ABSTRACT: In the eri-silkworm, Samia cynthia ricini, the adult antennal flagellum is segmented into many annuli. Although the number of annuli is an important parameter in the morphogenesis of adult antenna, it is not clear when and how the number of annuli is determined. In the present study the fifth instar larva of the eri-silkworm was studied histologically to clarify when the antennal imaginal disk began morphogenesis and when the number of annuli of adult antennal flagellum was determined. In addition we studied whether the length of the embryonic and larval period might have any influence on the number of annuli in the erisilkworm, and the influence of other factors such as body size and sex was also examined. Serial histological study of the imaginal disk during the larval period suggested that the number of annuli was determined by the second day after gut-purging, since the segmentation of the pupal antenna was almost finished by this time and the number of segments of pupal antenna was nearly equal to the number of annuli of adult antenna. The embryonic and larval period was closely related with the number of annuli. When the insects were reared at 25°C, the number of annuli was almost equal to the number of the days in which the insects passed from oviposition to gut-purging. In addition, the number of annuli tended to increase one by one from 27 to 34 as the embryonic and larval period was extended day by day from 28 to 35 days. When the insects were reared at 18°C, the larval period was doubled, whereas the number of annuli remained in the same range (28–34) as that reared at 25°C. The body size did not correlate with the number of annuli. Although the number of annuli was significantly larger in female than in male, this difference seemed to be due to the difference in the length of the embryonic and larval period in both sexes.
    ZOOLOGICAL SCIENCE 01/2009; · 1.08 Impact Factor
  • Source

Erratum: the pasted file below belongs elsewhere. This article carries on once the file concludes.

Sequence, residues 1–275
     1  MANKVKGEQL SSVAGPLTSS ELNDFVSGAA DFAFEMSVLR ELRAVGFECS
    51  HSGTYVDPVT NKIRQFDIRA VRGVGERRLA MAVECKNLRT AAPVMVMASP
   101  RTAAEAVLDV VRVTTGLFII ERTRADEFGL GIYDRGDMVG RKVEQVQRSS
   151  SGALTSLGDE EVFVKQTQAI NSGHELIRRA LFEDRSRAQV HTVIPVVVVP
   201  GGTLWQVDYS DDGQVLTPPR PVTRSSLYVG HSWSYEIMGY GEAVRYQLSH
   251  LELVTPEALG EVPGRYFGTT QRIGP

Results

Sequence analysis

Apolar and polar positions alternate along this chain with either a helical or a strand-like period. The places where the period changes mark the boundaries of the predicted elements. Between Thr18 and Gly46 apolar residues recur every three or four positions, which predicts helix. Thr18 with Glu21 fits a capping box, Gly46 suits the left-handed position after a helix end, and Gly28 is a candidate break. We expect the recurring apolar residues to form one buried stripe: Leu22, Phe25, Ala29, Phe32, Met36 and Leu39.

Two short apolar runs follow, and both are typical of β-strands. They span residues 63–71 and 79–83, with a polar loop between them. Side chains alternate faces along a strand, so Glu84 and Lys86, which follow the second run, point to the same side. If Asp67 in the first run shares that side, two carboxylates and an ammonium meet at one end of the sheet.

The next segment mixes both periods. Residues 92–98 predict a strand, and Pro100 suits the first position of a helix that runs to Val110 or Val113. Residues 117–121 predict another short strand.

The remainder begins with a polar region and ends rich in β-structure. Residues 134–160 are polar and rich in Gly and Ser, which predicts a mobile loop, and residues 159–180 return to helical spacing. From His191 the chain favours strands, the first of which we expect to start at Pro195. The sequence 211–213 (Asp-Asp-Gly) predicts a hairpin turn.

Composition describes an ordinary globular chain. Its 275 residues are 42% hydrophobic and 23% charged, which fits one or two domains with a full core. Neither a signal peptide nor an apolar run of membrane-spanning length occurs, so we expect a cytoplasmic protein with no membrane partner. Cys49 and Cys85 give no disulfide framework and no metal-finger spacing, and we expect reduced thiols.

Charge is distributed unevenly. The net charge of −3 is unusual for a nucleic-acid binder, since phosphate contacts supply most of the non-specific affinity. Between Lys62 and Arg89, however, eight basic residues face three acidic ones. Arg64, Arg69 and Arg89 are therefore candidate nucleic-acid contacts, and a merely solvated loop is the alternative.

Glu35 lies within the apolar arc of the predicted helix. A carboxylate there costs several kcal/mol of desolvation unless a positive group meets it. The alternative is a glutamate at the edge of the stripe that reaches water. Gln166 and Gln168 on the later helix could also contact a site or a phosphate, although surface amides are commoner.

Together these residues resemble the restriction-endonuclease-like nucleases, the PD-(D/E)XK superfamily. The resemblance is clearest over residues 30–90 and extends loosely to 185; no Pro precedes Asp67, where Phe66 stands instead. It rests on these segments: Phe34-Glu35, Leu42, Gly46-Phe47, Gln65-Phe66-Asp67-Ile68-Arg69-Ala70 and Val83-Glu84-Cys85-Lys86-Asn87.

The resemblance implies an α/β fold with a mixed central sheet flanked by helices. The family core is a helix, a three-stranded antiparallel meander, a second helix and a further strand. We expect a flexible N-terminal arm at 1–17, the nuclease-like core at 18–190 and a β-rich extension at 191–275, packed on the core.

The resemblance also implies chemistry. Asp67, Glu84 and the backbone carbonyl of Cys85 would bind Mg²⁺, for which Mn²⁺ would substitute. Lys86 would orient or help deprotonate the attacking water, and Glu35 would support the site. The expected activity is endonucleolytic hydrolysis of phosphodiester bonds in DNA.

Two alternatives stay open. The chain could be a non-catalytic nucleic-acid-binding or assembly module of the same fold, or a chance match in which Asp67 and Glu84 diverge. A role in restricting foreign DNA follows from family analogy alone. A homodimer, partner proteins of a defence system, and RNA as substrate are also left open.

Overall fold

[Show abstract] [Hide abstract]
    ABSTRACT: In animals with complex life cycles, all resources needed to form adult tissues are procured at the larval stage. For butterflies, the proper development of wings involves synthesizing tissue during metamorphosis based on the raw materials obtained by larvae. Similarly, manufacture of pigment for wing scales also requires resources acquired by larvae. We conducted an experiment to test the effects of food deprivation in the larval stage on multiple measures of adult wing morphology and coloration of monarch butterflies (Danaus plexippus), a species in which long-distance migration makes flight efficiency critical. In a captive setting, we restricted food (milkweed) from late-stage larvae for either 24 hrs or 48 hrs, then after metamorphosis we used image analysis methods to measure forewing surface area and elongation (length/width), which are both important for migration. We also measured the brightness of orange pigment and the intensity of black on the wing. There were correlations between several wing features, including an unexpected association between wing elongation and melanism, which will require further study to fully understand. The clearest effect of food restriction was a reduction in adult wing size in the high stress group (by approximately 2%). Patterns observed for other wing traits were ambiguous: monarchs in the low stress group (but not the high) had less elongated and paler orange pigmentation. There was no effect on wing melanism. Although some patterns obtained in this study were unclear, our results concerning wing size have direct bearing on the monarch migration. We show that if milkweed is limited for monarch larvae, their wings become stunted, which could ultimately result in lower migration success.
    PLoS ONE 01/2014; 9(4):e93492. · 3.73 Impact Factor